Fear of losing control is a funny thing. It does not seem to correlate with how much control you have in the first place.
I find that leaders who have in fact not a lot of control, but who think this is not the case, fear loosing control and talk a lot about it. Typically my teams encounter this in the context of a Viral Change™ programme, in which the engine of change is in the grassroots, and leadership is distributed in the form of highly connected ‘activists’ who are shaping the organization in an orchestrated, bottom up, peer-to-peer way. The contrast with a traditional ‘change programme’ of top down communication type, with lots of cascading workshops through the hierarchical lines, is striking.
Very often leaders feel that, in the old fashioned top down way, they are in control, and that in Viral Change™ they lose/may loose/will lose control. This is actually not a hard one for us to redirect because it’s exactly the opposite. The only control you have in top down systems is the number of workshops, the number of people attending and the content. Once this is done, you close your eyes and pray. You have very little control on what happens next, even from the time of people returning to the car park.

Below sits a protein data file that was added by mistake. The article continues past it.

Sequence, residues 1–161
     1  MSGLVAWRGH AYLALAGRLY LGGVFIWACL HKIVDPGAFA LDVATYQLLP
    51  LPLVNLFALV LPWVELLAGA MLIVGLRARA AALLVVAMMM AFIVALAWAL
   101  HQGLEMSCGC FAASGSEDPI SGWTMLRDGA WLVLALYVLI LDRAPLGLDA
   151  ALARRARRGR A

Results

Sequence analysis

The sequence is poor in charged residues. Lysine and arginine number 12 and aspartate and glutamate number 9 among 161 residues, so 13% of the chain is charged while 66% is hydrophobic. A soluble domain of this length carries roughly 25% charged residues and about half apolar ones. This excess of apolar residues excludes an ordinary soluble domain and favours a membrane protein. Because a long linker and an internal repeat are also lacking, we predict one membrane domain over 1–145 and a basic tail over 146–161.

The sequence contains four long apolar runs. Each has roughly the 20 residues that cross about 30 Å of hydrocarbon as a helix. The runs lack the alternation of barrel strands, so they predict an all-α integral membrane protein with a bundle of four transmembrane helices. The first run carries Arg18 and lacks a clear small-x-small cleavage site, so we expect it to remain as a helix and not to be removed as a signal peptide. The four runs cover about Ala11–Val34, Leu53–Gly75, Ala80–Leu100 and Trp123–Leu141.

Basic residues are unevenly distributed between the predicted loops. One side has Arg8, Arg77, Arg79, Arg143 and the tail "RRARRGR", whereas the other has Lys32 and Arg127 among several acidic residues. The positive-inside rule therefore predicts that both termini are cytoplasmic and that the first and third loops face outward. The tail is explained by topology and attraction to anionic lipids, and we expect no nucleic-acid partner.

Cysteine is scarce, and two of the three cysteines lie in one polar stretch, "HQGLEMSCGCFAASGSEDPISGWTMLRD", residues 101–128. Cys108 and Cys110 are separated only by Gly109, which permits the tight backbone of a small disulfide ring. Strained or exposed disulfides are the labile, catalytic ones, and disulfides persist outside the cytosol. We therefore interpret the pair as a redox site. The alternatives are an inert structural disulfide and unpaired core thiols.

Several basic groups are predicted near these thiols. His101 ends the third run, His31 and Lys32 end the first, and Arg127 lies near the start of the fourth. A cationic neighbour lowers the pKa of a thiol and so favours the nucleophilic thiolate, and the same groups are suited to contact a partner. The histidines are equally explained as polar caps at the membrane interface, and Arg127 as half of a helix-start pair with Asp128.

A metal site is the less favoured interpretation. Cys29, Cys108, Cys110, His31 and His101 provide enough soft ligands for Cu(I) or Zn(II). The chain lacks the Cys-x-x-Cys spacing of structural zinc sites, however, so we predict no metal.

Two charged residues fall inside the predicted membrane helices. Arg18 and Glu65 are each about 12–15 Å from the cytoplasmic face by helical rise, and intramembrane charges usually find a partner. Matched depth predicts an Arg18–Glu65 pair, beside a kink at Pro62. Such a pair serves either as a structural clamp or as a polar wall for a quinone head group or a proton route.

In the Viral Change™ antipode territory, the pool of highly connected people engaged and leading, working with us, (activists, champions, connectors) are so close to the ground on a day to day basis that you know what is going on, by the minute if you wanted. Paradoxically, Viral Change™ provides higher levels of control than the traditional top-down change systems.
But this is not the topic. The topic is how many leaders kid themselves thinking that they have great control in the first place, something that they fear may lose, which is unsettling to them. But to lose something you have to have it first, and, believe me, this is not always the case.
Control is often, in fact, ‘an illusion of control’ only fueled by the times you see an input and output working. You asked people to attend a seminar, they did. You prepare a communication package and digitalised it in powerpoints, and it has been cascaded down to all. Is this control? Only of the information tsunami. Try the same with changing behaviours.
My rule of thump is to always ask my clients to reflect on ‘how much (control) they have’ before addressing the ‘how much they will loose’. Never allow the conversation into losing without knowing how much is in the bank.
A wonderful way to stop worrying about losing control is to realise that you don’t have much in the first place. Then to figure out the level of control ‘required’. This is a conversation for another day.